Mike Judge saw the connection between music videos and couch potatoes, and a crudely animated show called Beavis & Butt-head was born.
Judge’s comic crystal ball, as it turned out, was just warming up.
Now, as his new HBO comedy Silicon Valley preps for its debut, it’s time to recall Judge’s journey as a balanced observer of modern culture.
The mild-mannered Judge segued from dysfunctional teens to cubicle drones with Office Space, arguably the biggest cult film of our workplace age. From there, he found comic gold via flyover country with King of the Hill, a loving look at a conservative dad that ran for 13 years on FOX.
His commercial results haven’t always matched his artistry, but his instincts rarely let audiences down. Judge’s Idiocracy was a box office dud, crippled in part by a lackluster marketing campaign. Today, it stands alongside Office Space as a cult favorite that captured a trashy media wave that hit our shores sooner than expected.
It’s hard to watch any outrageous reality show and not remember Idiocracy’s faux series, Ow! My Balls!
Judge’s 2009 comedy Extract couldn’t recreate the workplace magic of Office Space, but he found more ripe material with that year’s short-lived sitcom The Goode Family. Consider it a sharper assault on the progressive mindset than the similarly kind-hearted Portlandia.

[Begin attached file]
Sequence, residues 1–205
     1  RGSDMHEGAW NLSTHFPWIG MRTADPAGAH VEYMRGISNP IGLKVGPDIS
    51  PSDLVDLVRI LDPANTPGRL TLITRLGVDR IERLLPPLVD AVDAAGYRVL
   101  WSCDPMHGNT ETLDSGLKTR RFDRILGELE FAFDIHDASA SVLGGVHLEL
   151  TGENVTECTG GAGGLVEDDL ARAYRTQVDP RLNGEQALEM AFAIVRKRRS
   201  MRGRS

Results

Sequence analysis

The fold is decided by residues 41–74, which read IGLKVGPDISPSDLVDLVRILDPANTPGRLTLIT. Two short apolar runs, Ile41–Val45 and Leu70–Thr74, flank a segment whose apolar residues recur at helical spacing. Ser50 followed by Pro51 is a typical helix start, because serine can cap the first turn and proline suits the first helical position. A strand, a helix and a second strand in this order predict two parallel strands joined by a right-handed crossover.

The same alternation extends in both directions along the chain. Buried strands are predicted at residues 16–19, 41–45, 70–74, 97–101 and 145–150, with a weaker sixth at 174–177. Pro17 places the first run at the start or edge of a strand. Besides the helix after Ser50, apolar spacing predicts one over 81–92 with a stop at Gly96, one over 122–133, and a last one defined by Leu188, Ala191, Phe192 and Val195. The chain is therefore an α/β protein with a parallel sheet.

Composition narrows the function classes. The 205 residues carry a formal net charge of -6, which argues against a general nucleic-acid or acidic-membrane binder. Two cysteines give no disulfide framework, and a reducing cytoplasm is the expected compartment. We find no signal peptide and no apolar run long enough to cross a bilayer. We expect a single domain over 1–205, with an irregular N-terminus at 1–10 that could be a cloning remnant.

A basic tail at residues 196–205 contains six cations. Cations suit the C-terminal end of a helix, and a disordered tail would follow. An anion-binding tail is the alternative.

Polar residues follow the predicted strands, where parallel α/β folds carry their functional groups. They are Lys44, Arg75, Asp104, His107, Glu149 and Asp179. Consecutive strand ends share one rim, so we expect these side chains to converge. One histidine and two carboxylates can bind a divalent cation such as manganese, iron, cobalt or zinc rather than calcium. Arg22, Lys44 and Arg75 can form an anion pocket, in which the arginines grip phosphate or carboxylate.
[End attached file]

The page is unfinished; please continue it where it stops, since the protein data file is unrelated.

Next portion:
Like those South Park rascals Trey Parker and Matt Stone, Judge goes where the jokes lead him, be it to the left or right. Office Space isn’t a love letter to capitalism, but The Goode Family showed that Judge understood a gap in the marketplace regarding liberal comedy targets and did his best to fill it.
Judge’s Silicon Valley may strike similar, ideologically diverse paydirt. Few writers “get” their subject like Judge, and the fizzy combination of geeky achievement and untold riches seems ripe for Judge’s point of view. Early reviews are nothing short of ecstatic.
Time magazine dubbed it “the funniest out-of-the-box pay cable comedy in a good while.”
Judge’s Achilles heel has been the entertainment industry’s lack of patience. The Goode Family wasn’t given a chance to grow its audience. Idiocracy was deemed too arcane to warrant a marketing push worthy of its jokes.
HBO, for all its liberal inclinations, is unusually patient with its original product. From the early reviews and buzz, though, Judge’s latest may not need such a protected launch.
Silicon Valley airs at 10 p.m. EST Sunday nights on HBO.